Gobble down this: the cost of Thanksgiving dinner is up 20% from a year ago.
So says an annual survey from the AFBF (America’s Farm Bureau Federation). The bottom line: a typical turkey-day feast for 10 people will cost $64.05, or a little less than $6.50 per a person. That’s compared to 2021, when it averaged $53.31, or around $5.33 per guest.
The culprits? Just about everything except, it turns out, fresh cranberries.
AFBF tracked typical items found on a Thanksgiving table, including turkey, rolls, vegetables, cranberries, sweet potatoes, stuffing and pumpkin pie. The folks at the bureau used “volunteer shoppers,” who checked prices between October 18 to October 31.
Let’s start with the star of the show, the turkey.
The average price of a 16-pound bird now costs $28.96, up 4.97% from $23.99 last year. Stuffing was next in line, rising 1.59%. Pie shells are up 0.77%, with a price tag of $3.68 for a 2-pack, followed by miscellaneous ingredients ($4.13) and a 12-pack of rolls ($3.73), both up 0.68%.
Meanwhile, pumpkin pie mix saw the next highest jump, up 0.64%, costing consumers $4.28 for a 30-oz. box. Of course, pie isn’t complete without a glass of milk and whipped cream. Sorry to say, there’s no relief there. A gallon of milk is up 0.54%, to $3.84, compared to last year at this time. A half pint of whipped cream rose 0.46% to $2.24.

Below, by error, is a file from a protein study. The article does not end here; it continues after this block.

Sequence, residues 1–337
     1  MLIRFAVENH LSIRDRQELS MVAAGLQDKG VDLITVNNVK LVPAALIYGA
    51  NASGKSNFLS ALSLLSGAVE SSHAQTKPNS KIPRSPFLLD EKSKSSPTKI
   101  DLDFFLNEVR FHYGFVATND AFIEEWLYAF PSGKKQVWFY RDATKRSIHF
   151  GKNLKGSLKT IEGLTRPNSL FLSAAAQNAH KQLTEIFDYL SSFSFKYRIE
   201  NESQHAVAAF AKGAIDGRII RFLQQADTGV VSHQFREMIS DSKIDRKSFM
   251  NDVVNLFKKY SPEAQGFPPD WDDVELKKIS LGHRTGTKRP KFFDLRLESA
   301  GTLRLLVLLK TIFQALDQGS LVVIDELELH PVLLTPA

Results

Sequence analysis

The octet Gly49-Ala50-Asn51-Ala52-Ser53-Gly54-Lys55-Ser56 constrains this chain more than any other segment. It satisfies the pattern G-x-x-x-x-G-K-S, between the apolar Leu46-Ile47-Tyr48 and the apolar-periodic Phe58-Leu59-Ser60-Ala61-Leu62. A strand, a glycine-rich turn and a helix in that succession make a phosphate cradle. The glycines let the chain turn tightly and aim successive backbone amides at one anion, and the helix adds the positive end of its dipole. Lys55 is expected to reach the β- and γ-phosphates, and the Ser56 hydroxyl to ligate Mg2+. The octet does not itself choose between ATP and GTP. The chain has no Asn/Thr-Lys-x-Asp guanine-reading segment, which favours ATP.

And, sorry sweet potato fans, you’ll have to pony up 0.40% more for three pounds.
In a press release, AFBF Chief Economist Roger Cryan said, addition to general inflation, other factors are at work such as supply chain disruptions, the war in Ukraine and a smaller turkey flock. On top of all that, farmers are up against, among other things, rising prices for fuel and fertilizer.
Now for some good news. If you’re looking for a small slice of savings, the price of fresh cranberries actually cost consumers less—the only product to decline in the survey. In 2021, a 12-oz pack of the fresh berries cost consumers $2.98.This year: $2.57. The Farm Bureau also said that consumers may get some relief when grocery store chains begin “featuring whole frozen turkeys at sharply lower prices.”
Brooke DiPalma is a reporter for Yahoo Finance. Follow her on Twitter at @BrookeDiPalma or email her at firstname.lastname@example.org.
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